The TIF District includes approximately 284 tax parcels and approximately 226 structures, reported the City’s TIF consultant, Kane, McKenna & Associates in a report. The area qualified as a “conservation” district, not a “blighted” area. Approximately 84% of the structures within are in excess of 35 years in age, the report found.

In establishing the district, officials sought “to provide a dedicated funding source for a number of economic development initiatives long sought in the Fifth Ward, but not provided at a sustainable level by the private market,” wrote Paul Zalmezak, the City’s Economic Development Manager, in a memo to the Council.

“Much of the proposed TIF district encompasses residential property and small business districts anchored by independent businesses, many of which are Black-owned,” he said. 

“This TIF is unique in nature as it is designed to explicitly support homeowners and existing landlords, maintain and improve existing residential property to help maintain culture, community, and independent minority-owned businesses,” Zalmezak said.

“Staff is proposing that TIF funding be used strategically and narrowly,” he said, mirroring some of the terms staff proposed in the IGA, with funds going to such needs as implementing workforce development and creating affordable housing.

TIF ‘not the way to go’

In Council discussion, Kelly, said, “I feel absolutely, definitely, we should be budgeting for the concerns that this TIF is professing to address.”

But at the same time, said Kelly, a longtime Spanish teacher at Evanston Township High School, “we’re going to be diverting a lot of money away from our schools and from our public services. We need to figure outcomes where you budget for our priorities, and not use a tool that has such, a long history and a pervasive history of negatively impacting communities,  particularly low income and middle income communities.”

Reid was among those speaking in support of the TIF, commending Burns’s leadership in outlining the resolution, “which puts constraints in place that are unlike any other TIF that we have in the City,” particularly in the creation of a TIF advisory panel that will have a say in how the funds are spent.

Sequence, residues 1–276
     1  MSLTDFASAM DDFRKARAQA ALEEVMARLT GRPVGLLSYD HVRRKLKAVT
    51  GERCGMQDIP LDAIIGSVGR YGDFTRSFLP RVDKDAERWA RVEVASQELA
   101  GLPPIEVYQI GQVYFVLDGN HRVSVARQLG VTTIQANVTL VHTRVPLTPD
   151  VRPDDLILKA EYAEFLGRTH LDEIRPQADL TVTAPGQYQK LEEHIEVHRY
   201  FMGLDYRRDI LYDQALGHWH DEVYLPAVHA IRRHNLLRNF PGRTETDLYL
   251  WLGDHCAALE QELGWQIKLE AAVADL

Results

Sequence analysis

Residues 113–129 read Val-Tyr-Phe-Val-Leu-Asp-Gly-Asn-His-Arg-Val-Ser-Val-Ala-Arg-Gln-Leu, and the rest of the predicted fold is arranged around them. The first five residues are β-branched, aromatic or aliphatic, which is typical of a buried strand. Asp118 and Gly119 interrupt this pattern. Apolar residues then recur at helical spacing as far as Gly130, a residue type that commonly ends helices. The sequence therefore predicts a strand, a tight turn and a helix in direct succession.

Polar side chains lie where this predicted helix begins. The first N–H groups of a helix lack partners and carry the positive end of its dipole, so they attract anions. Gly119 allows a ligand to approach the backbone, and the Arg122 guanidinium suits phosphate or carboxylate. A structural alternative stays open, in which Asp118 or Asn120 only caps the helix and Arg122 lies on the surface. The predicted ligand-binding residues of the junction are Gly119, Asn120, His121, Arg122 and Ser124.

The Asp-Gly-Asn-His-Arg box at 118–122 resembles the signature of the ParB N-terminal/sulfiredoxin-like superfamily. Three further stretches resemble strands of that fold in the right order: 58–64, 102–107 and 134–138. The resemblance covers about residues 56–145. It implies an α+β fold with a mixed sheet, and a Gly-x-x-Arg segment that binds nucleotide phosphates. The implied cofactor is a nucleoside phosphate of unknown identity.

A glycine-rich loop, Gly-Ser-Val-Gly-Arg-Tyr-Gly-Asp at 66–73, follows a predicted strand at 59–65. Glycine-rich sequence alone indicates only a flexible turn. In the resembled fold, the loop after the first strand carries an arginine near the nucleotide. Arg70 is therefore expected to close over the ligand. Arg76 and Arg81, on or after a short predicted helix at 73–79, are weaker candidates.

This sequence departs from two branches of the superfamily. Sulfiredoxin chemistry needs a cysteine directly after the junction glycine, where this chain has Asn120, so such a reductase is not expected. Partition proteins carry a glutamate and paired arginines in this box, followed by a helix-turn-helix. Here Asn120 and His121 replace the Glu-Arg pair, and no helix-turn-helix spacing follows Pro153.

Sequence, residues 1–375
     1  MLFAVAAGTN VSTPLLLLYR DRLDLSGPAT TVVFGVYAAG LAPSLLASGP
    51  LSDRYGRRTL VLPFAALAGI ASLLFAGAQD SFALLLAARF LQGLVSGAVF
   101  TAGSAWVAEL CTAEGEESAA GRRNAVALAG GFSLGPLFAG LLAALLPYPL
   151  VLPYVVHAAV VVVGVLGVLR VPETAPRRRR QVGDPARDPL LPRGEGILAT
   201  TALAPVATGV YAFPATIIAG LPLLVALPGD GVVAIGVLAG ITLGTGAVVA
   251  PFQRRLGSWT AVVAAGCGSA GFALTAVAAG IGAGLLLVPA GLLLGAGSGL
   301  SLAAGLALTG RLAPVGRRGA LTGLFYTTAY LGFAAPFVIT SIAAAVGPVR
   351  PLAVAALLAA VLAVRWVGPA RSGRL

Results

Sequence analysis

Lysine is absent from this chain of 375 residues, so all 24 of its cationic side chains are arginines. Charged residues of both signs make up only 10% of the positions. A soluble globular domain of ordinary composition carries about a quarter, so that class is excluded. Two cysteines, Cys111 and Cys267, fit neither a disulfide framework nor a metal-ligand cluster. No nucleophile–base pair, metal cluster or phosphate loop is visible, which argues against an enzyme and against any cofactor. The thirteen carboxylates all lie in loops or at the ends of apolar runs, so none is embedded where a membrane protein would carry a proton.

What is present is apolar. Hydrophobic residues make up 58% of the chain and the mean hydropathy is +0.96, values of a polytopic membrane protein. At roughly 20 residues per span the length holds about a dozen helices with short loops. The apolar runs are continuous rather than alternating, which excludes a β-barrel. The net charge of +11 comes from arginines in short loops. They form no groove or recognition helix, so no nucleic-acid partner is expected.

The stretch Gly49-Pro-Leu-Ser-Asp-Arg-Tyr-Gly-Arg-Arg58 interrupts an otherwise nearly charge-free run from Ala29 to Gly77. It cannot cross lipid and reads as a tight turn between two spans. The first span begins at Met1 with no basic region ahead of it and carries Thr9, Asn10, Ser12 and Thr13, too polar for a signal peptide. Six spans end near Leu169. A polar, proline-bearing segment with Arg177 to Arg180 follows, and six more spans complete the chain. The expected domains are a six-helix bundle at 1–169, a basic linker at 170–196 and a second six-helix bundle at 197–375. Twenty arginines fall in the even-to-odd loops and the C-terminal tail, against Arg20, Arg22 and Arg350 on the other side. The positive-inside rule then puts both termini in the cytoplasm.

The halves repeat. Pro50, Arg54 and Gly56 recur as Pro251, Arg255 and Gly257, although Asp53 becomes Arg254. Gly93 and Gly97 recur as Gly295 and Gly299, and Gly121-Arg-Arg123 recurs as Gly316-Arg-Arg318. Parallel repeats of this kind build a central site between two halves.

A number of other Council members spoke in support of the proposed TIF, but in the context of having the IGA with it.

Direct from the City budget 

In public comment and leading up to the Oct. 25 meeting, several local groups urged a no vote to creating the new district.

The Community Alliance for Better Government, in a statement read into the record by member Leslie Williams at the Council meeting, commended Burns for taking the initiative to prioritize investment and development to support residents who have historically been underserved by the city.

“However, the question is not whether prioritizing investment and support is justified,” the group said in its statement.

“The obvious answer is yes, absolutely. 

“We see the issue as two-fold: What is the plan for investment within the Fifth Ward with specific anticipated projects and costs; and what are the funding mechanisms to protect the people from gentrification?”

“The Black population has declined at the same time the demand for suburban Evanston homes has increased, this is a recipe for displacement of generations of families,” the group said in its statement. “Justice demands that the funds to support the Fifth Ward should come directly out of the City budget with policies for equitable development to match.”

The Central Street Neighbors Association also issued a statement, urging Council members to vote “no.”

“We agree with one community advocate who wrote, ‘The Council is pushing this too hard and too fast without completing the necessary work to ensure success.’

“We also are disturbed by the lack of detail about how the money will be spent.

“Earlier this year, after years of unhappiness at City decision-making processes, a new mayor and four new Council members were elected on platforms of increased transparency and citizen involvement. In a first major decision, we seem to be headed in the opposite direction and toward an increase in the tax burden without clarity as to goals, methods, and impacts.”

Bob Seidenberg

Bob Seidenberg is an award-winning reporter covering issues in Evanston for more than 30 years. He is a graduate of the Northwestern University Medill School of Journalism.